hardships of their discovery request. Therefore, the Court must grant Qtrax's Motion. I. ARGUMENT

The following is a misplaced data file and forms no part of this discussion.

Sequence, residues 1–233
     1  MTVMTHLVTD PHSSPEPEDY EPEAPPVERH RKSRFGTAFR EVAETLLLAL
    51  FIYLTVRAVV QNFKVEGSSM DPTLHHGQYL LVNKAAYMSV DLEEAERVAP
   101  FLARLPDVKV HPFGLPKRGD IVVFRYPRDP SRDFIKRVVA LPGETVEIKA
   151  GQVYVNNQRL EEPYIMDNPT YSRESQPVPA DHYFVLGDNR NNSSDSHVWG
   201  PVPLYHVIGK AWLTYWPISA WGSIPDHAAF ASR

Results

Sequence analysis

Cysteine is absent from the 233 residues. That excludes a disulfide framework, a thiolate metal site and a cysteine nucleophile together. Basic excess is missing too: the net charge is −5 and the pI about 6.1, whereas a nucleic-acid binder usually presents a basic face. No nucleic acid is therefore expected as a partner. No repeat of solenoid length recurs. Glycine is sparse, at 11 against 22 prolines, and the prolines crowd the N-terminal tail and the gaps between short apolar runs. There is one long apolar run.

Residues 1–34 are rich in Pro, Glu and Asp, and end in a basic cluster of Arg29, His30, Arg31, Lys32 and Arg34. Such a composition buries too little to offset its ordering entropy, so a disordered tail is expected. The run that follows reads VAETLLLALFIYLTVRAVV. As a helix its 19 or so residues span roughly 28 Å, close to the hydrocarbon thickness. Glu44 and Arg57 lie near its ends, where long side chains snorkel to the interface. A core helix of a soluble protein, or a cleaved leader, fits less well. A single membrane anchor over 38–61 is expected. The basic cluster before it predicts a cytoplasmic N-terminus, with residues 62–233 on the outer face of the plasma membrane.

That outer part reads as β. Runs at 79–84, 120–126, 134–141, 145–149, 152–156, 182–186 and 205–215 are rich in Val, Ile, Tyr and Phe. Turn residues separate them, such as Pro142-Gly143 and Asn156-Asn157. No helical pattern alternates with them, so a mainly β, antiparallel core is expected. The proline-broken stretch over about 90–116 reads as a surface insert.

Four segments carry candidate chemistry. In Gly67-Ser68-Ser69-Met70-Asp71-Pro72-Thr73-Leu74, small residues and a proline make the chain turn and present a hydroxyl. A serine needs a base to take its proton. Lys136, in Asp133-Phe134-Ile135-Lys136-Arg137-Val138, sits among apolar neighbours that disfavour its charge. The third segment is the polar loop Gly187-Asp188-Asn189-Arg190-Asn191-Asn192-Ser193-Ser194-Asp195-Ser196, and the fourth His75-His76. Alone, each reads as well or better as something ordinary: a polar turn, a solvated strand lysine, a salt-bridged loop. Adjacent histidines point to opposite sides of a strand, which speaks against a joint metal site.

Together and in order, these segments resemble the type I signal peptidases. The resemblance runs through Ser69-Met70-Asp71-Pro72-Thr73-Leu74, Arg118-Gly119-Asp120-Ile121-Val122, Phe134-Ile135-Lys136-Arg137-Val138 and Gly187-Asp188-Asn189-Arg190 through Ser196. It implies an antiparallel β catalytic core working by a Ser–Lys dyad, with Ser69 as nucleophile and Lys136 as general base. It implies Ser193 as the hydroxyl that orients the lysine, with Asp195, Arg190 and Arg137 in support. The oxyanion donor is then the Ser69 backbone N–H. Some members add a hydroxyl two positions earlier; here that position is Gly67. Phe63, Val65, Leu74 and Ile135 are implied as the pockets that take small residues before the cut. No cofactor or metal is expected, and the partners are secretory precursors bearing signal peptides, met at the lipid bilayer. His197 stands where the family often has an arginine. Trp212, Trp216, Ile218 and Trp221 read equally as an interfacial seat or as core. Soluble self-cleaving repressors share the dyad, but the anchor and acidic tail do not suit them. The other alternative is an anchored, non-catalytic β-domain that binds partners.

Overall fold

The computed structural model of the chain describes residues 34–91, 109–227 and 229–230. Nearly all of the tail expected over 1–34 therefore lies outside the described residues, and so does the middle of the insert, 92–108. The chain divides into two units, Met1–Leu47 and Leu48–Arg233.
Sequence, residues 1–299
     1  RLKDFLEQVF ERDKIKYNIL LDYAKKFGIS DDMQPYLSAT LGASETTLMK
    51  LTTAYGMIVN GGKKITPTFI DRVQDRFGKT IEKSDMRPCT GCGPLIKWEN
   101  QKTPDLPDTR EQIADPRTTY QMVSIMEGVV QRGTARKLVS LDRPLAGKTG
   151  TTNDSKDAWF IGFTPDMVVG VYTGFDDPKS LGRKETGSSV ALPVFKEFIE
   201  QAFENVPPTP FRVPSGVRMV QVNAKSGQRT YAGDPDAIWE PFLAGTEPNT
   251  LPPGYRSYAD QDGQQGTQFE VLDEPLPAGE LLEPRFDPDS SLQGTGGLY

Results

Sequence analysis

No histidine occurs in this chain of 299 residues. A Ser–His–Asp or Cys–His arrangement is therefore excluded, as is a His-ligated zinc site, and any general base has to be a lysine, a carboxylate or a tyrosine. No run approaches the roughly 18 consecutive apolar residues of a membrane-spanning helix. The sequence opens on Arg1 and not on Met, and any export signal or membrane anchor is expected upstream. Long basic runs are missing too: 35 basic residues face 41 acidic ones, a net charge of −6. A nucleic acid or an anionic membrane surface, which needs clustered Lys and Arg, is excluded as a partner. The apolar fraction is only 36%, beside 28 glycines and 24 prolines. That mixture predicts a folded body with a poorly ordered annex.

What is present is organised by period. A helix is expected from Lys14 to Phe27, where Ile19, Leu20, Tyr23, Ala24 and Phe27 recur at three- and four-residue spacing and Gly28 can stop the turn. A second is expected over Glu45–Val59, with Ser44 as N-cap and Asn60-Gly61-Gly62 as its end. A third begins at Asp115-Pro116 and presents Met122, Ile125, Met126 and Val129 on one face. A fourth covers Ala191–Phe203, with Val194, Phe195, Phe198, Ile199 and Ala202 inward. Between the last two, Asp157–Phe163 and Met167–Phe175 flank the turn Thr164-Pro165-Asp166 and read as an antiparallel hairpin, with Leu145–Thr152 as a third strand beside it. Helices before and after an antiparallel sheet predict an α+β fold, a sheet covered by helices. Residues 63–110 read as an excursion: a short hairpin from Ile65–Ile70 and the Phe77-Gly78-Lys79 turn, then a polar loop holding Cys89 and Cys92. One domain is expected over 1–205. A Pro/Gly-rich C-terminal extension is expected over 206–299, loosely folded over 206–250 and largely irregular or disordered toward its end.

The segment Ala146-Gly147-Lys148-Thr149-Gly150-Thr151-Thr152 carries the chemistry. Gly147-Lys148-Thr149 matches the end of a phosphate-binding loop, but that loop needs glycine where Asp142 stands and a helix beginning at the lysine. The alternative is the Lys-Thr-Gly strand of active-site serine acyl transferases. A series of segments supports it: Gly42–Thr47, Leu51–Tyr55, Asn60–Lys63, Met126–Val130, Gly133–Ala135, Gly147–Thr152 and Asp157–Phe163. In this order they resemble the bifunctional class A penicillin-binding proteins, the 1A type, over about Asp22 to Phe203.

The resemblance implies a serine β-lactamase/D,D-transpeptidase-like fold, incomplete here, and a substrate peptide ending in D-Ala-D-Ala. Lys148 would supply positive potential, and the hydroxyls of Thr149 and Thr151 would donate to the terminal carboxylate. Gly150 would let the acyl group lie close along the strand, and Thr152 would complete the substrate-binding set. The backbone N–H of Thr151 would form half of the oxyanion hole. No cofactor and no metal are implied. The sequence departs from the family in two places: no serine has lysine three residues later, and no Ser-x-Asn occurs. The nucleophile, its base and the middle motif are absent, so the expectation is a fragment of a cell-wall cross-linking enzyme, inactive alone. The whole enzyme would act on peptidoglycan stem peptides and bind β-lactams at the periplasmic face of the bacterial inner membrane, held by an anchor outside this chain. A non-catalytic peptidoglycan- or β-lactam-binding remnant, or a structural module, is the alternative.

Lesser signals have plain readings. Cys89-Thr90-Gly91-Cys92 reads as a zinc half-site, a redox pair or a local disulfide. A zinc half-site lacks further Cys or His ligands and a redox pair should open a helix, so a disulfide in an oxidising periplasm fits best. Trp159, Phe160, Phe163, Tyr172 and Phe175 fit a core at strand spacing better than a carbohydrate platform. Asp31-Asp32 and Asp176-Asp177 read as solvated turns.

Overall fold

Defendants fail to recognize that non-parties are afforded greater protection from onerous discovery requests such as the overly broad Subpoena Defendants served on Qtrax. Although Qtrax has shown its legitimate interests in protecting its confidential information, Defendants failed to establish a "significant need" for enforcement of its Subpoena because they have not shown how the information they seek from Qtrax that is publicly available or otherwise available from less invasive sources is insufficient for their purposes. Furthermore, the parties' Protective Order does not adequately protect non-party Qtrax's interests with respect to the confidential and proprietary information sought by Defendants. Finally, Defendants admit that they failed to serve the statutory witness fee with service of their Subpoena pursuant to Rule 45(b)(1), and, as such, their technically deficient Subpoena fails. A. Defendants Ignore The Fact That, As A Non-Party To This Litigation, Qtrax Is Afforded Greater Protection From Defendants' Invasive And Duplicative Discovery Demand Courts have recognized that where a subpoena targets a non-party, "courts may impose broader restrictions." Small v. Provident Life and Accident Ins. Co., NO.CIV. A. 98-2934, 1999 WL 1128945, *1 (E.D. Pa. Dec. 8, 1999). In Jones v. Hirshfield, 219 F.R.D. 71, 74 (S.D.N.Y. 2003), this Court explained that "Fed. R. Civ. P. 45(c) provides additional protection for nonparties subject to a subpoena by mandating that a court `quash or modify the subpoena if it ... subjects [the] person to undue burden.'" (citing Rule 45(c)(3)(A)(iv)); see also JPMorgan Chase Bank v. Winnick, No. 03 Civ. 8535 (GEL), 2006 WL 278192, at *2 (S.D.N.Y. Feb. 6. 2006) (stating that "the Court will `quash or modify' any subpoena that subjects such a non-party `to undue burden.'"). See also Dart Industries Co., Inc. v. Westwood Chemical Co., 649 F.2d 646,